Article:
Is an Outbreak of Canine Influenza a Problem Here?
You may have heard about an outbreak of Canine Influenza in the Chicago area and be worried for your dog. So far, there have been no cases reported in the Milwaukee area. Previous outbreaks of upper respiratory disease caused by Canine Influenza over the past ten years have been sporadic and limited. There is a very good chance the disease will stay limited to Chicago. So far, in testing affected dogs, most of them actually have Bordetella or Parainfluenza and only 20% of the sick Chicago dogs actually had Canine Influenza at all. Bordetella and Parainfluenza have been and remain much higher risks that Canine Influenza.
Symptoms of Canine flu are about the same as for other respiratory diseases of dogs – coughing is the most obvious symptom – but with a higher fever. The cough is deep and harsh and can keep you or the dog up all night. Treatment consists of non-steroidal anti-inflammatory drugs (NSAIDs) for fever, antibiotics to prevent secondary pneumonia and cough suppressants. Sometimes supportive care such as intravenous (IV) or subcutaneous (SQ) fluids are needed.
Most veterinarians in our area vaccinate for Bordetella (“kennel cough”) and Parainfluenza, though many dogs probably are unprotected because many pet owners mistakenly believe that if a dog isn’t boarded or kenneled there is no risk for these diseases. Respiratory diseases are very contagious, just like our own cold and flu viruses, linger in the environment for long time. Just going for walks on a sidewalk where other dogs have been is a risk for these diseases. Here at Best Friends Veterinary Center we recommend vaccination for these two more common diseases for almost every dog, the exceptions being those that never leave their yards.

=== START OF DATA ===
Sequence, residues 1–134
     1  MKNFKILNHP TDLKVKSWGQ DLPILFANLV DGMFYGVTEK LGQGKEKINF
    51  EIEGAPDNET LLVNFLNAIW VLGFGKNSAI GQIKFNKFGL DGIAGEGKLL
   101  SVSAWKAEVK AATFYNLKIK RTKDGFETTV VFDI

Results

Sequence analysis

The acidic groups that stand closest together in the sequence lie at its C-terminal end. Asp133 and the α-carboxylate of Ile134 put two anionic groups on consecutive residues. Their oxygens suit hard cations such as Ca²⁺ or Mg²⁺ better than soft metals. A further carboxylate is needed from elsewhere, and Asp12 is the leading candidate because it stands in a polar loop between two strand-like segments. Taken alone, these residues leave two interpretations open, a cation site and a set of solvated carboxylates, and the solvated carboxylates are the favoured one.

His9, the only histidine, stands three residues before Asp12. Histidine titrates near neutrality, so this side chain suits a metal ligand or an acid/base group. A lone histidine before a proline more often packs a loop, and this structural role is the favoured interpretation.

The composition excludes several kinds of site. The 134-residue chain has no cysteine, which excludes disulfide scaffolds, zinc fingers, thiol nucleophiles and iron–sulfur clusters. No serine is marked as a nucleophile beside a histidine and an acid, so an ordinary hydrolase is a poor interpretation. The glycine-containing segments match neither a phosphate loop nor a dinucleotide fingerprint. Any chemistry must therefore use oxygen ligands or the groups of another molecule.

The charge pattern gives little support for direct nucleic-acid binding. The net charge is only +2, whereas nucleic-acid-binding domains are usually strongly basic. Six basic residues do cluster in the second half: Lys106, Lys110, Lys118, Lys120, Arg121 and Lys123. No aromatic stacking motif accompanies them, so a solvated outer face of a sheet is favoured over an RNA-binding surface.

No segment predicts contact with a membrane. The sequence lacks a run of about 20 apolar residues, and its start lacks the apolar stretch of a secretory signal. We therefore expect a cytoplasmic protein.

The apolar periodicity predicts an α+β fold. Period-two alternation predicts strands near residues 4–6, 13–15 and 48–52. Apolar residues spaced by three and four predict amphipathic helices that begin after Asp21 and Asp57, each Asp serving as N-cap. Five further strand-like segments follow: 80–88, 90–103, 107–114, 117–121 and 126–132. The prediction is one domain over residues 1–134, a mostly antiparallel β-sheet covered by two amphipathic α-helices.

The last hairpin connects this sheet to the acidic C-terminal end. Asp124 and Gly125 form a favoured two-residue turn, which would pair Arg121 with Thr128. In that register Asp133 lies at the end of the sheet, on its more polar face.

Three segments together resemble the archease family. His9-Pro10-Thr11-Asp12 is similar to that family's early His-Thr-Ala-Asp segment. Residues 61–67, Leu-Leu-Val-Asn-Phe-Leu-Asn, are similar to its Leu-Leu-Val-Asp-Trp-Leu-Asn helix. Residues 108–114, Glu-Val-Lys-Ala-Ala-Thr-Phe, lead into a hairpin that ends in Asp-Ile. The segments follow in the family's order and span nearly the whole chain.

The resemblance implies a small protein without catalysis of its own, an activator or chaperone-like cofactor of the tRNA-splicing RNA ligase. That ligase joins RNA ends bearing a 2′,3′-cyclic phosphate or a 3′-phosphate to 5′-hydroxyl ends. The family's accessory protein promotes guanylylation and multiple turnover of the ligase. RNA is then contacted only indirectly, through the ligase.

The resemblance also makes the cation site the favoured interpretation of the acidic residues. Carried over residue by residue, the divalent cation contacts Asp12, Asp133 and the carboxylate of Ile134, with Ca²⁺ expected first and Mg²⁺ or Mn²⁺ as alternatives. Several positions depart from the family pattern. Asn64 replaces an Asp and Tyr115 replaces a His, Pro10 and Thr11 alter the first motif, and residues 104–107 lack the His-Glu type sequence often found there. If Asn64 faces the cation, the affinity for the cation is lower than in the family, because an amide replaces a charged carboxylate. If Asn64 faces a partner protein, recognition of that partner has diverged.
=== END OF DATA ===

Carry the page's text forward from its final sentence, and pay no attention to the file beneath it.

Canine Influenza has its own vaccine. Since there have been no cases in our area in many years none of the veterinary hospitals in our area have been vaccinating against this it. We are sitting back waiting to see if it will spread further before we attempt to start a vaccine campaign.
Luckily for pets, there is a lot less risk for diseases traveling quickly than in humans simply because far fewer dogs and cats travel compared to humans. We don’t put 200 dogs on a bus or plane and move them from Chicago to Milwaukee. There is a very good chance that we won’t see a single case of Canine flu here. Sit tight for now while we see how this progresses and we will let you know if we think vaccination is warranted.
Update (14th April 15): The latest info on Canine Influenza is that this outbreak is an H3N2 strain. The vaccine is for H3N8. It’s not known yet how much protection the vaccine will provide since it’s not the same strain.
Here are some helpful articles from MERCK Animal Health:
What You Need to Know about Dog Flu (Canine Influenza)
Tips to Protect your Dog from Dog Flu